Too old at 35? The best is yet to come

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Too old at 35? The best is yet to come


Singer, composer and producer Park Jin-young. By Kim Hyung-soo

Park Jin-young’s career has come full circle, and his latest album is suitably titled “Back to Stage.”
After a six-year break, Park is once again behind the mic and back in front of an audience. His new album, his seventh, contains hip-hop dance songs, including “Single,” featuring Bobby Kim, “KISS” and “An Afternoon Breakup,” featuring Min Seon-ye, the lead vocalist from the Wonder Girls.
“The album reflects my six years as a producer. It is like a time capsule that captures my 30s,” Park said.
Park made his debut back in 1994, and then went on to produce for Asian star Rain and teen idols g.o.d. In 1999, he set up JYP Entertainment, his own music company, and gradually got involved in the Western music industry.
He soon joined mainstream popular music as he started to produce songs for top American performers like Will Smith.
Back home, Park produced and choreographed the nation-wide hit “Tell Me” by the Wonder Girls, a group Park nurtured.
Now he wants to dance again.
At the age of 35 that might sound exhausting. But Park said age is merely a number. He does not mind the aging process.
“I love myself even more in my 30s than I did in my 20s, and I assure you that my 40s will be even better. Emotions deepen as you get older,” he said.
For this new album, Park worked out to lose 22 pounds, not just to build muscle, but to regain his dancer’s physique.
Dance has been everything in Park’s life. He said he used to dance to the sound of his mother washing uncooked rice.
“People recognize dance as mere concrete science. But controlling your body is harder than developing your mind and soul,” he said.
And to control the body, practice is the simple key to success, Park said.
“While others work five hours a day, I work a maximum of 17,” Park said. “I don’t sleep more than five hours and I don’t spend more than 20 minutes on each meal.” The rest of the time is spent practicing.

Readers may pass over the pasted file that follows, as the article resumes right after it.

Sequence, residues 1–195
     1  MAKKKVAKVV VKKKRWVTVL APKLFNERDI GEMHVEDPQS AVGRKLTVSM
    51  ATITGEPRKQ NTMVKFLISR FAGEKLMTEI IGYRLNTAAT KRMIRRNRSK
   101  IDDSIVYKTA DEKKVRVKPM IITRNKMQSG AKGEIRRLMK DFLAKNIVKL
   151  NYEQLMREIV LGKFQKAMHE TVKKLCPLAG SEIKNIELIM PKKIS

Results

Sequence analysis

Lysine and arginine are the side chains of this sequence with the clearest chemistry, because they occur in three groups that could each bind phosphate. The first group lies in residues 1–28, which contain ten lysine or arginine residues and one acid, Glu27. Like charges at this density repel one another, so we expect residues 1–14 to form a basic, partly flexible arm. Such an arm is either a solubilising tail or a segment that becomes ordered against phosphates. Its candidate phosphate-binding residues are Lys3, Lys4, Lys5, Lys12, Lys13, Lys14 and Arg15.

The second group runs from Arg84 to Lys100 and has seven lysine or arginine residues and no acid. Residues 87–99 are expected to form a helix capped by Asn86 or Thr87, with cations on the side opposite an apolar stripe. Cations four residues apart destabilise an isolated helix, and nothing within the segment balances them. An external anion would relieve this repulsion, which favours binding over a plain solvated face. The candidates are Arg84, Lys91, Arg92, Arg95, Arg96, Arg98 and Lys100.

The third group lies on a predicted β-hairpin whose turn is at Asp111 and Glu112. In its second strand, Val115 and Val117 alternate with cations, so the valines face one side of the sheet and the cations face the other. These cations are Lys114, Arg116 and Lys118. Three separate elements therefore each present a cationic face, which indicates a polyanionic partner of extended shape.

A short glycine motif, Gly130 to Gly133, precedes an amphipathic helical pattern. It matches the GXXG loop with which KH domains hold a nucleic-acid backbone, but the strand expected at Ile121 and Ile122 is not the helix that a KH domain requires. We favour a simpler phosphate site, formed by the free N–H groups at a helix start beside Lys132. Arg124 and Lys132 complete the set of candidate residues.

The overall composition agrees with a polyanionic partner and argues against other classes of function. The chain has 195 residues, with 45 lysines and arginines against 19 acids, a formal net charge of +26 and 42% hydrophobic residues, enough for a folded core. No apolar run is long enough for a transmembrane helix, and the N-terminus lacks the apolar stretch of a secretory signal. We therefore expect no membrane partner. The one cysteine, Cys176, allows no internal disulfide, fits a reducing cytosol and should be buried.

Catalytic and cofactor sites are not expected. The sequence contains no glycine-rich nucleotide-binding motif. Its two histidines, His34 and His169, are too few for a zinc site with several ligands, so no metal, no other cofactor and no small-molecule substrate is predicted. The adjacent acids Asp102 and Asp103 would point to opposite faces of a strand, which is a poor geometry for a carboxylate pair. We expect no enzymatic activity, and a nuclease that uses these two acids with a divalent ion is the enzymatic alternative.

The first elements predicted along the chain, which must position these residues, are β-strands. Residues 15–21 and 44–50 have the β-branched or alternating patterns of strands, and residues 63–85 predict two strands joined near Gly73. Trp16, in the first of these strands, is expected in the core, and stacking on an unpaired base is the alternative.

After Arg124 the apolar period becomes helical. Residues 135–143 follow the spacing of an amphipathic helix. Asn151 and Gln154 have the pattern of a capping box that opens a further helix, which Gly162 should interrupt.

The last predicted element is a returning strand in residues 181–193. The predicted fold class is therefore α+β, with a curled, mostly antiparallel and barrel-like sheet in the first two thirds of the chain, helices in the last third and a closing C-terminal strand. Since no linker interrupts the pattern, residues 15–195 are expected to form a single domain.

Drinking is hardly ever on Park’s agenda. While people say drinking is useful for networking, Park said that networks naturally build up as you concentrate on your work.
The groups that Park has groomed have absorbed his work ethic. He has taught them that nothing comes free and that you have to strive hard to achieve your dreams.
Park said he was impressed by groups like g.o.d. and Wonder Girls at their auditions because they revealed a determination to practice.
Rain charmed him with his tough spirit, g.o.d. with their guy-next-door appeal and Wonder Girls with their sense of responsibility.
Park picked out Min from Wonder Girls for special comment. “She had a hardworking spirit and was more mature than others her age,” Park said. Min was 13 years old when she auditioned.
“Sincerity is more important than ability and talent,” Park said. “Early education is also important.”
He noted that at first, Min did not know how to dance properly, but she has worked hard at improving since she got her first break at age 13.
“If Min had started training in middle school, it would have been more difficult for her to develop as a dancer,” Park said.
Even though he’s a successful producer and musician today, Park had some tough years before his break in 1994.
Before 1994, he failed every audition he attended. He was told he didn’t have the physical appearance to become a singer.
And when an entertainment company finally took him on, he worked for no pay.
But he refused to quit, and he worked hard to establish his own identity. His hard work took him step by step closer to his dreams.
Next year, Park will debut three Korean singers ― Lim Jung-hee, G-soul and Min ― in the United States. He is the first producer in Aisa to do so.
And he plans to wrap up his JYP Entertainment company in 2009 and go back to his roots as a singer and composer.
There seem to be no limit to what Park can do.
“All you need is self-confidence. There’s nothing to be worried about,” he said.

By Yang Sung-hee JoongAng Ilbo []
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